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GLOBAL CANCER INITIATIVES

29 CANCER CONTROL 2021

the economy. Different institutional combinations exist in

all societies. Because these combinations are dynamic and

change over time, an older static, non-equilibrium, analysis of

technological change is entirely misleading.

The "War's" foundational metaphor arguably reflects a time

when cancer was less well understood and the economics

of learning and innovation was nascent. Yet, advances in

evolutionary and institutional economics in the last 50 years

has revolutionized the study of technological change (7).

It dislodges an equilibrium perspective and emphasizes an

uncertain search and learning process of firms with no "best"

technology (8). One simple heuristic suffices to show different

pathways: three domains of an 'institutional triad' of production,

demand, and delivery can distinguish national health industries,

each of which has distinct technological histories (9). "Health

policy" and "industrial policy" are separated in this heuristic

(10). Laboratory science also historically emerges as only one

type of institutional combination, not a universal paradigm. For

example, India's cancer profile where a significant incidence is

preventable, needs a rethinking of its economics and policy

design, with science channelled and publicly supported in

priority areas, and firms and other organizations with ears to

the ground, encouraged to assess health problems and learn,

create, and adapt technologies or service solutions.

Countries with greater industrial self-reliance can more

confidently shape their health priorities. While there is no

inevitable link between health policies and industrial policies,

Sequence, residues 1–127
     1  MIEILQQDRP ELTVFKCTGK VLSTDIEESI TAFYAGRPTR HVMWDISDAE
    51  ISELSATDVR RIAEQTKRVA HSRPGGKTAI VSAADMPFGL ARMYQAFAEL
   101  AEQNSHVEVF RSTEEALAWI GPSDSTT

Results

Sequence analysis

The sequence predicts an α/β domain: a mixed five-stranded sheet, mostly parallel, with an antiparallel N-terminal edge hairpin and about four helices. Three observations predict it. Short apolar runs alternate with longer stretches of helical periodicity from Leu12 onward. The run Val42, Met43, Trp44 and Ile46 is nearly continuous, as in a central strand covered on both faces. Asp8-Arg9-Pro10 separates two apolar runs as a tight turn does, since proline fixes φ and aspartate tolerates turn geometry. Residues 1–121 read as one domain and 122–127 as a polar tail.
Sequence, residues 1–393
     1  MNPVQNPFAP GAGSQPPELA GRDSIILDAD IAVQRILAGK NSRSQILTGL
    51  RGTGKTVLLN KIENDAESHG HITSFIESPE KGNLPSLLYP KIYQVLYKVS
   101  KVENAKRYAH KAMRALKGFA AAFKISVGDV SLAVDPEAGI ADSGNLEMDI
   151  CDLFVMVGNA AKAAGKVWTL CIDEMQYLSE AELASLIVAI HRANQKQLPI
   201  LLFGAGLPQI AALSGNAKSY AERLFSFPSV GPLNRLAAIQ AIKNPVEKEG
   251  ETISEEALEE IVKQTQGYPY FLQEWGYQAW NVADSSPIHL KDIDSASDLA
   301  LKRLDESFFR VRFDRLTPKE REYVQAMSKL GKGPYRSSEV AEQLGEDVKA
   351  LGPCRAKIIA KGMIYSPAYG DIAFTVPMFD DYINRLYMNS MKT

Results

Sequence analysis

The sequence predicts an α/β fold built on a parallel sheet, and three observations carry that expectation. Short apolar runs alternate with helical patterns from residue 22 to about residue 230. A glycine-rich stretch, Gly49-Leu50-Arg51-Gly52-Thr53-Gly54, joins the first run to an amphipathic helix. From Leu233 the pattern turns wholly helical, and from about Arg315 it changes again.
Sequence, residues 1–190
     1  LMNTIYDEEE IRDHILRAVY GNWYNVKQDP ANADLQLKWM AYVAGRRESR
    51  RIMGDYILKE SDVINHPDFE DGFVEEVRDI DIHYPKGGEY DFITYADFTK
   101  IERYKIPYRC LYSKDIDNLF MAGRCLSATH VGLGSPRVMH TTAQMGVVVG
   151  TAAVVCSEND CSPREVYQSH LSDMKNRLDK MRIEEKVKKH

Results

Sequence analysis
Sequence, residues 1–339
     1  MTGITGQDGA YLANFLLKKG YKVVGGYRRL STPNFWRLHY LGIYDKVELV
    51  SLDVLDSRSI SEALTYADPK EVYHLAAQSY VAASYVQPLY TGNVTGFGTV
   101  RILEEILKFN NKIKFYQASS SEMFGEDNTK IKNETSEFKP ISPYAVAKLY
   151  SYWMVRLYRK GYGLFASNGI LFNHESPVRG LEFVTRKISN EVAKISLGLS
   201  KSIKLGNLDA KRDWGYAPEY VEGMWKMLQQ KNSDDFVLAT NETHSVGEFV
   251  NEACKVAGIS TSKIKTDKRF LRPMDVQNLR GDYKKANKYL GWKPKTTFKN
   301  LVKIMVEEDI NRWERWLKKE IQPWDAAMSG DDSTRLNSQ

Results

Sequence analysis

there may well be a jostling for power by some dominant

firms to create and protect the institutional combinations

that favour them e.g. intellectual property, market design,

technical standards or even their "brand" as friends to NGOs

or other communities, or other favourable business strategies.

Competition can thus prove to be critical in differentiating

effective firms by technology, price, quality, or other patientfriendly features and rejecting expensive

solutions by

building value-based strategies. At the same time, other social

institutions such as welfare regimes and ethos of assistance

should be encouraged alongside individual lifestyle shifts. This

attention to real-world variety, complexity and uncertainty

against an artificial "rigour" of clinical and economic evaluation

is also supported by clinicians who study the variable nature of

health interventions (11).

The benefits of viewing cancer through the evolution

and institutions lense

I have argued that the health industry is best seen as a multiple

markets and combinatorial problems requiring close attention

to non-market institutions. That the social determinants of

health might include industrial organization and especially